Voice Control also completely fails to integrate with bluetooth, not uprising since somebody seems to simple hate BT waiting years for even basic functions to get on board then missing key controls (skip, volume etc). I hear some of that might get fixed in 3.1 but it’s always a crap shoot.

    The BT stack is still way to limited (printers? Hello), and the controls like any customization (say maybe you don’t want to have to hold your button for 5 seconds to turn it on?). Wrap a huge walled garden around that and it might take a long time until the fucntions in the iphone catch up much less surpass other tech available now for things like winmo.

    1. I’m trying to fully absorb that lovely picture wherein iPhone is trying to catch up to WinMo.

  3. What is it with the Apple lovefest on this site? Almost every article mentions how they revolutionized something. Vlingo is the innovator in this space, not Apple. Play Artist Michael Bolton ring a bell? Where is the article about how Ford marketed that feature and is a pioneer?

    Have you seen that new copy and paste feature for the iPhone? Everyone is kicking themselves for not marketing that feature to users first.

  4. I’ll admit it, I’m a fanboy, but Apple speech recognition is little more than a parlor trick at this point. The rumored 3.1 OS release supposedly improves the voice recognition, but unless the improvements are dramatic I don’t see many people making serious use of the feature. Accuracy needs to be close to 100% and it’s not even close in this release.

    1. As the article points out, “none of the functions of Voice Control are particularly new, and their implementation on the iPhone has been met with mixed reviews.” At present and most likely for the forseeable future, accuracy of device-resident speech recognition will lag that of server-based solutions, such as Vlingo’s and Google’s. Despite these valid criticisms of Voice Control, Apple is calling attention to and promoting speech recognition, which will undoubtedly up the ante for the entire industry.

      1. I guess my point was, Apple drives the industry when it is demonstrably better than competing alternatives. Their voice feature, while more ambitious, is significantly *less* useful than the voice dialing that came on the last several free phones I got before switching to the iPhone. Your point may be valid, but I’m tired of Apple fans being portrayed as mindlessly worshiping whatever Apple ships. One wag wrote that if Apple shipped an iTurd, Apple fans would line up and pay $500 for it. I disagree. I think Apple fans are quite happy to heap scorn on Apple for any perceived flaw in a product. If anything, expectations are higher. In general, Apple doesn’t do check-off item features. It’s done right or it’s not in the product. In this case, I think they made an exception.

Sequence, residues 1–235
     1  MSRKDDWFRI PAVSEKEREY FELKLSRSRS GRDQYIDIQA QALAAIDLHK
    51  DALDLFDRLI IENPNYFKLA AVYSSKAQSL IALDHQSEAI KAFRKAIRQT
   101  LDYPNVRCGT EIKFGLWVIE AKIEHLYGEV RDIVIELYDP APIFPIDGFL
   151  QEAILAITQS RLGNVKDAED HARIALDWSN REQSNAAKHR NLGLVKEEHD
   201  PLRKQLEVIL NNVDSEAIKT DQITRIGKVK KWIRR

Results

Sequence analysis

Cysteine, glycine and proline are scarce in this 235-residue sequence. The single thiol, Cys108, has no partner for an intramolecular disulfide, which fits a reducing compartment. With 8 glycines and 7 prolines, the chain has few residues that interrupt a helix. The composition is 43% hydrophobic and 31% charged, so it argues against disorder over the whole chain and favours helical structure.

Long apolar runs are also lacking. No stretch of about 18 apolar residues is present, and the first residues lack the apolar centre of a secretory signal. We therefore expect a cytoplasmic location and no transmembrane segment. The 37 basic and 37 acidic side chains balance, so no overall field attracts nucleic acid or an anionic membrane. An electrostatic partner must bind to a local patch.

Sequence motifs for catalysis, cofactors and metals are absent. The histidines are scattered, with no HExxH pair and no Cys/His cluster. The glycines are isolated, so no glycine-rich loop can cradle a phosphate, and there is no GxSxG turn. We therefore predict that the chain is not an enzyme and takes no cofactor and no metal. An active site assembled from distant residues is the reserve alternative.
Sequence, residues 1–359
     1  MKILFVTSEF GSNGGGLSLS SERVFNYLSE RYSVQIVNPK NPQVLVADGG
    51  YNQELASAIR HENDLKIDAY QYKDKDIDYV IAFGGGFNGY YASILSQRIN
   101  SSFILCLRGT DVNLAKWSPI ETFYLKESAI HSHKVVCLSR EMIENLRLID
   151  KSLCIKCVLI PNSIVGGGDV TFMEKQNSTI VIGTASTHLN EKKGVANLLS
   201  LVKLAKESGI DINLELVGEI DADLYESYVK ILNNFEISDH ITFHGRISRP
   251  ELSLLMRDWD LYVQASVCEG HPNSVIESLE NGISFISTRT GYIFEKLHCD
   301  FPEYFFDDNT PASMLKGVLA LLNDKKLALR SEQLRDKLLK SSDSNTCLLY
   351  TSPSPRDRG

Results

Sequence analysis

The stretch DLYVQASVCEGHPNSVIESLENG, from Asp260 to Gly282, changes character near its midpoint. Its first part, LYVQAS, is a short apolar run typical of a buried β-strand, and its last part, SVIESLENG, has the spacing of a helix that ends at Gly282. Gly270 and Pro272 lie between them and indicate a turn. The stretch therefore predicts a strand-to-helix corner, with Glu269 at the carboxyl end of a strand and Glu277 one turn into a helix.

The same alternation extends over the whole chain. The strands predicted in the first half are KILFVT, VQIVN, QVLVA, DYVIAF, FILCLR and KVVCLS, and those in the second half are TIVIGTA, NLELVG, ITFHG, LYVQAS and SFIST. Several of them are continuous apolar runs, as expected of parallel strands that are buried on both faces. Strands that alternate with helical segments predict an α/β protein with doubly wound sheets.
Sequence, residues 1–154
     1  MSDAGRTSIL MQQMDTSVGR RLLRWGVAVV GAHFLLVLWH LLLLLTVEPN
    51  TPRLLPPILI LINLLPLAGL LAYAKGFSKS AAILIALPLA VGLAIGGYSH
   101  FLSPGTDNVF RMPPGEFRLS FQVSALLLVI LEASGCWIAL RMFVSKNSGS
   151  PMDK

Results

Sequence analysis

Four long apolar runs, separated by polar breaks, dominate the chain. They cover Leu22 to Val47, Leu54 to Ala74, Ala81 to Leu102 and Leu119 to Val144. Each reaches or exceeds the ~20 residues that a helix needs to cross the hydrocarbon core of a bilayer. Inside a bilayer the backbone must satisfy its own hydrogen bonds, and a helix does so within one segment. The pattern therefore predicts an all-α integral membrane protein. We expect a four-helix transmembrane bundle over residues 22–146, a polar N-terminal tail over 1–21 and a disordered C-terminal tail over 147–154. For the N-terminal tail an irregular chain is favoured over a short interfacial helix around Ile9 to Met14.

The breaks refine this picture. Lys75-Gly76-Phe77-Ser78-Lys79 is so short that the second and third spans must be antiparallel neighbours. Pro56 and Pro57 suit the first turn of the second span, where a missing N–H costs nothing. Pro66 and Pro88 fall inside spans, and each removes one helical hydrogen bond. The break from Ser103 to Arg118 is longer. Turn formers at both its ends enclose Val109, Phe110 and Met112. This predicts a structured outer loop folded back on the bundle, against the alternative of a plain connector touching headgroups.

5. This article is missing One Voice Technologies! Symbol OVOE

    Google spent quite a bit of time trying to patent what they already patented.

    http://blog.onev.com/blogsite/voice_search/

    MTNL is in the process of launching their email by voice to over 7 million.

    http://mobilevoice.mtnldelhi.in/

    Telmex has been playing with IRIS, a One Voice Mobile Voice product for over 2 years…

    http://telnor.com/iris

    Its time we all woke up and learned to get along and put all this tech to good use.

    Its my opinion that this article is missing the key to whats its supposed to be about. I hope One Voice Technologies get the press they deserve in this piece.

    1. One Voice gets kudos for being a pioneer, but, rumor has it that the speech recognition on the iPhone is licensed from Nuance Communications, and Nuance has over 1,000 patents, if it’s a patent contest.

  6. I think the next best app. for voice recognition is one voice technologies. the web site is onev.com. see for yourself.

  7. http://en.wikipedia.org/wiki/Microsoft_Voice_Command

    November 2003 saw the release of voice control in the Windows Mobile platform. I’m sure a little research would show that Palm or some other OS had it even earlier.

    Just keep saying Apple is an innovator; repeat any lie long enough and people will think it’s true.

    Copy/paste, video, MMS, A2DP, touchscreen, apps….the list goes on and on.

  8. I don’t understand all this about who was first stuff… I remember paying $40 for Microsoft Voice Command 1.0 in December 2003 for my PocketPC, tho it took them maybe a year to port it to smartphones. My phone had copy paste then too.

  9. Rich Rosen, FastCall411 Tuesday, July 7, 2009

    “Is iPhone’s Voice Control the Sound of Things to Come?”

    Yes, and not just mobile devices, voice control (voice search, voice portals) will be prolific. There is a convergence of technology, cost, and usage. Microphones and speakers are cheap, bandwidth is easy and voice applications are up to the task. There will be voice control at retail (“tell me the specs of the new Sony flat screen”); voice portals built into vending machines; at tourist attractions – everywhere that a kiosk with a touch screen has been cost prohibitive or otherwise inaccessible.

  10. I’ve just seen the very start of the voice side of things with voice recorder. Have to say, I have failed miserably in the two attempts to use it so far, so not sure what the future holds!